Up to 60,000 Unison customers were affected by power outages over the weekend, a number now significantly reduced but extensive rural damage means 400 could be without power for up to a week.
On Saturday power was cut at 3.30am, then 10am, as heavy snow affected the Transpower transmission line from Wairakei GXP - Hawke's Bay's main power supply.
Since the first outage, Unison relationship manager Danny Gough said they had "every available team" from Hawke's Bay, Taupo and Rotorua working to restore power.
They're working in bitterly cold conditions ... we're really proud of our guys.
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"We're going to work as quickly as we can, but we have to make sure the safety of our guys is paramount at all times," Mr Gough said. They had ensure staff were "fit and healthy and ready to go again for the next morning".
"It is hard work for these guys," he said. "They're working in bitterly cold conditions, it's still snowing in some areas, and the ground conditions are really tough, so we're really proud of our guys."
While most of Napier and Hastings had power restored by Saturday afternoon, equipment in Flaxmere had been damaged by the initial Transpower outage, leaving some residents without power until 7pm on Saturday.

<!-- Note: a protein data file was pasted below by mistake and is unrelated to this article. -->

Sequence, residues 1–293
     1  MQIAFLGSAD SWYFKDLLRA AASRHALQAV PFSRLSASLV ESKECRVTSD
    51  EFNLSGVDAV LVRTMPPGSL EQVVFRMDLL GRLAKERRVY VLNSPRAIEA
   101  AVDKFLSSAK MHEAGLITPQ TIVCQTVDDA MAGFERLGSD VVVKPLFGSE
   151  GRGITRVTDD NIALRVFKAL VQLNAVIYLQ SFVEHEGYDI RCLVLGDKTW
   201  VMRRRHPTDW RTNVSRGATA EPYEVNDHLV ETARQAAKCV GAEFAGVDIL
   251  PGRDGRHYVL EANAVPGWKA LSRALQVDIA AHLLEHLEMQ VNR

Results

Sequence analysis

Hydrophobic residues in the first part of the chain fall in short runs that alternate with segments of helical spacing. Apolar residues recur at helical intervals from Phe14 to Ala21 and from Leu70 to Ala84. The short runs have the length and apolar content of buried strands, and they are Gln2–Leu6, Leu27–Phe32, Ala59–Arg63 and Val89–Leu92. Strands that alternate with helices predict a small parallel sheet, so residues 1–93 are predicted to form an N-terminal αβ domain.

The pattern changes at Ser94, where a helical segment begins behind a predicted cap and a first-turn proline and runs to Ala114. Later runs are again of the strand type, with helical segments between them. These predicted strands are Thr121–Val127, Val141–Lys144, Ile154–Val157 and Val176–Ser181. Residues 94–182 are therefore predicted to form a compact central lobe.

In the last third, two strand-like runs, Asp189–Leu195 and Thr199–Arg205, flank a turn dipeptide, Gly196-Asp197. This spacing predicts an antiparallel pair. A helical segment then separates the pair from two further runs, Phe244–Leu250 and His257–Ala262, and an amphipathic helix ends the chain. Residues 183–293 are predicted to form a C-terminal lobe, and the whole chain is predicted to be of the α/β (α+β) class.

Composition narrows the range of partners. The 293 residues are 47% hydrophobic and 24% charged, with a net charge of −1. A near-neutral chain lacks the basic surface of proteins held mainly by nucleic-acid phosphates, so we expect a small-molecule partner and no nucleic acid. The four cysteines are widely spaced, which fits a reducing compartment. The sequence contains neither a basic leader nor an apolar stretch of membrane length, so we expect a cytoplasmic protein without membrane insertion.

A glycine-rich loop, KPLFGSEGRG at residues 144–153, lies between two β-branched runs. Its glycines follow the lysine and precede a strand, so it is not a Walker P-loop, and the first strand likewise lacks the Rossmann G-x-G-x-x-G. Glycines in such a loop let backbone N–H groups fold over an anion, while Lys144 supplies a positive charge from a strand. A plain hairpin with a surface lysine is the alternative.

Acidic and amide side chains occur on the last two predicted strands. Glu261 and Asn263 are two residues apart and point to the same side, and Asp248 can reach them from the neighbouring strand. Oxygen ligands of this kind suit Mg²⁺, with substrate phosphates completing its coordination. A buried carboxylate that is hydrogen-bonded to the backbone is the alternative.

Yesterday staff commenced restoration for rural customers and "made good, solid progress", reducing the affected customers by 200.
"Make no mistake, the conditions are very challenging, the damage to the network is extensive and our guys are working in very tough conditions but doing a superb job," Mr Gough said.
Aerial patrols conducted yesterday revealed damage to rural high country areas was significant.
An initial assessment of the Taupo plains showed about 150 33kV poles, and about 50 11kV poles down across the area.
Mr Gough said the area was a "significant concern" due to the extent of damage along the 60km network.
"We're going to leave no stone unturned getting in there and getting power restored, but the fact of the matter is, it is going to take some time."
There was also severe damage for network areas which fed customers in Tutira, Patoka, Puketiri, Esk Valley and Otamauri. Consumers could be without power for a few days.
Ten gangs had been assigned, with support from Centralines, across seven sites to get restoration under way. There were about 20 poles down, with extensive vegetation issues and wires across the ground.
"We also face very tough terrain in this region, so that will be the biggest challenge."
To restore power in areas with tough terrain, Mr Gough said they were lucky to have a well-equipped fleet with modern gear.
They would also use any available resources, calling in industry colleagues, equipmentand helicopters.
To get to lines, Unison staff have also had to clear rubble, trees and other debris, along with figuring out the best way to move the heavy machinery needed across sodden ground or hilly terrain.
Now, Unison would undertake an "extensive restoration effort" to restore power to remaining affected customers.
However, staff were well-trained in such situations. As well as learning from past experiences, they also underwent simulations, and trained in "the harshest conditions".
"While this is certainly a significant challenge, it's a challenge that our guys are more than up for."